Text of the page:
A deep dive into the world of Layer-2s

In 50 years, we might all be telling our grandchildren about the good old days when we could interact on Layer 1 for less than $100. It’ll be as credible to them as if you were to say that Tchaikovsky was inspired to compose his ballet after watching Barbie Swan Lake. (Obviously, he did not). 

Why? Already at the present stage, we’ve seen Ethereum fees spike whenever a new hyped mint occurs or a memecoin launches that everyone needs to ape into for a slight chance at generational wealth. A few days ahead of the Dencun upgrade, fees would range from $150 to $200 for a swap of assets worth $1k. 

While increased demand and activity is good overall, it’s not feasible to scale this to a global computer - as Ethereum’s ambition has always been. Fortunately, all is not lost in the scaling race, as L2s have matured to become multi-million dollar layers home to vibrant communities. 

What are L2s to begin with? 

L2s are one answer to solving the blockchain trilemma. The trilemma states that you can only achieve two of the three: decentralization, security, and scalability. Currently, Ethereum is relatively decentralized and secure but lacking in scalability. It cannot support millions of users transacting simultaneously except if we add L2s to the equation. Layer-2s provide a cheaper and faster way to execute ethereum transactions.

The most common form of L2s these days are rollups, which bundle transactions and send them as a single piece of data to the mainchain, consequently reducing the computing power required. Rollups are like having an assistant who sorts and prepares all your paperwork to the degree where you (the L1) just have to sign the final version - instead of doing all the work of filling them in yourself. 

Among rollups, we have optimistic and zk rollups. 

  • Optimistic rollups: assume that transactions are valid by default. They have a challenge period during which transactions can be proven “dishonest”.  
  • Zk rollups: use zk-proofs to confirm to Layer-1 that all the computation on the rollup has been in accordance with consensus rules. 

As with any trending narrative in crypto, we’ve witnessed countless new Layer-2s launch in the past few months, leading to the question.

Why is everyone launching L2s? 

During our last Twitter Space, we asked our speakers working at different L2s precisely that question. They identified a few reasons for that, including:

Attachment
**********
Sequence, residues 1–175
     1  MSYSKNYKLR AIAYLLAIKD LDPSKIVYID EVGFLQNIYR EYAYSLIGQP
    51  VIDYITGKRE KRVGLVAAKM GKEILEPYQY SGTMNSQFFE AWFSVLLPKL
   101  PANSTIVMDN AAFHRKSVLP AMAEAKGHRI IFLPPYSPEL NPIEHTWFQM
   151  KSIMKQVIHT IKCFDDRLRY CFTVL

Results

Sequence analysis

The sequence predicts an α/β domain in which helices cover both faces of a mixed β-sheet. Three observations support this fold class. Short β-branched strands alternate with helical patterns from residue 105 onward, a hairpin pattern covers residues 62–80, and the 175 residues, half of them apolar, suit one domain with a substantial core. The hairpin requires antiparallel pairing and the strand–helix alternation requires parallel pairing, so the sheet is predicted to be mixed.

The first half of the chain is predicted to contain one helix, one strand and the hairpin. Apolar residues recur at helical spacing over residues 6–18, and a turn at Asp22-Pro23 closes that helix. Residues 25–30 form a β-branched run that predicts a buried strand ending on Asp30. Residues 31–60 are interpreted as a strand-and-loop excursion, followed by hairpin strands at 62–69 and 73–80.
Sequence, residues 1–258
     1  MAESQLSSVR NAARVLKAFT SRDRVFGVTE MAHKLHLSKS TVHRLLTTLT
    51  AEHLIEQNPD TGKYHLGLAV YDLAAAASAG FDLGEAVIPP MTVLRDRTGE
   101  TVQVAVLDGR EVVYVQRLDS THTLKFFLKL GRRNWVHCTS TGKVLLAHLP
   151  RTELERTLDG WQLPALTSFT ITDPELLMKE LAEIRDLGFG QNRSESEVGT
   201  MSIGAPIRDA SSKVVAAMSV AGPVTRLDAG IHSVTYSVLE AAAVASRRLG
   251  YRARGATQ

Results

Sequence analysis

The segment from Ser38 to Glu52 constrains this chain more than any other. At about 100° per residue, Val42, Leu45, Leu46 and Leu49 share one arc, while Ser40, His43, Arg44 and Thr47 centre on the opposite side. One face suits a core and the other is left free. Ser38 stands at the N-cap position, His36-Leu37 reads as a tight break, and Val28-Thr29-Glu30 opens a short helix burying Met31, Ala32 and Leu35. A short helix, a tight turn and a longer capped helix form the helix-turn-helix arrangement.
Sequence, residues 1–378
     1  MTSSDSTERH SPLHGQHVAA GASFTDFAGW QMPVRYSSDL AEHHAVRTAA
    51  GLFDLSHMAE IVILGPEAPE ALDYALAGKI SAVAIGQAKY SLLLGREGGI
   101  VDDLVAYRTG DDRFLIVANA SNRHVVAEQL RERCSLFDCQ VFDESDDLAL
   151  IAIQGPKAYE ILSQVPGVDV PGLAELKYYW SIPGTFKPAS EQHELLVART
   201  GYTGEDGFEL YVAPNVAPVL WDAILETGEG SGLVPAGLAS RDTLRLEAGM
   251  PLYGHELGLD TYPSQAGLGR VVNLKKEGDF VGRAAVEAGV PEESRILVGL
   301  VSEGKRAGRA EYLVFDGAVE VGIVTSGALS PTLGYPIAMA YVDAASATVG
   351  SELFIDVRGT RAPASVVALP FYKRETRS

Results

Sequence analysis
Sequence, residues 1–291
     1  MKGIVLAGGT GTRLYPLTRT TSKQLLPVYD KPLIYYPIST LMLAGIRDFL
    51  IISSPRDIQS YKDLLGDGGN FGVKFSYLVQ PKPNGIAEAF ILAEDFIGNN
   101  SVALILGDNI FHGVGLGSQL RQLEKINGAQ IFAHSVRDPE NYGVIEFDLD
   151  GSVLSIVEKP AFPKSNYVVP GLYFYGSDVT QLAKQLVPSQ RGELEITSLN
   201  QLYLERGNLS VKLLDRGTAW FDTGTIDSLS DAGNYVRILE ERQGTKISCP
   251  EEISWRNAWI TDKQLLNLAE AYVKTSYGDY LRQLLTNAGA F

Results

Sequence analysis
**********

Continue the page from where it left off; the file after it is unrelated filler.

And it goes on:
• The ease of doing so has drastically increased thanks to a rise in modularity. This is further enhanced by the availability of chain-building kits such as OP Stack or Polygon CDK. 
  • No one layer can solve all the problems. This means that similar to how different regions of the world rely on different payment providers, L2s might start localizing and optimizing geographically. 
  • In addition to localization, our speakers foresee that L2s will focus on different areas such as privacy, DeFi, compliance, and gaming solving for use cases with Layers instead of being general-purpose. 
  • There is a market share to be captured. It’s a free market, and more L2s mean more options for users, which isn’t a bad thing. 
  • Running Layer-2s opens up an attractive design space as you decouple execution from consensus. Take Eclipse, a Layer-2 that runs Solana’s Virtual Machine on top of Ethereum. 

And, of course, for some time, it was a relatively easy thing to raise funds for and get degens to ape in, especially if you were backed by Paradigm. 

Needless to say, just having points isn’t a sufficient differentiator. Here is how the Layer-2s in our space thought about their unique selling point. 

Examples of what different L2s specialize in

  • Manta Network started with a focus on privacy and then pivoted to focusing on DeFi, especially LSDs and LSTs. Overall, their efforts aim to bring new users to the ecosystem and reward the users already there. 
  • Kroma shared that they are the first OP rollup with validity proofs. They also have a vast open-source zk library and are further differentiating themselves by a strong local presence in the Asian market and expertise in gaming.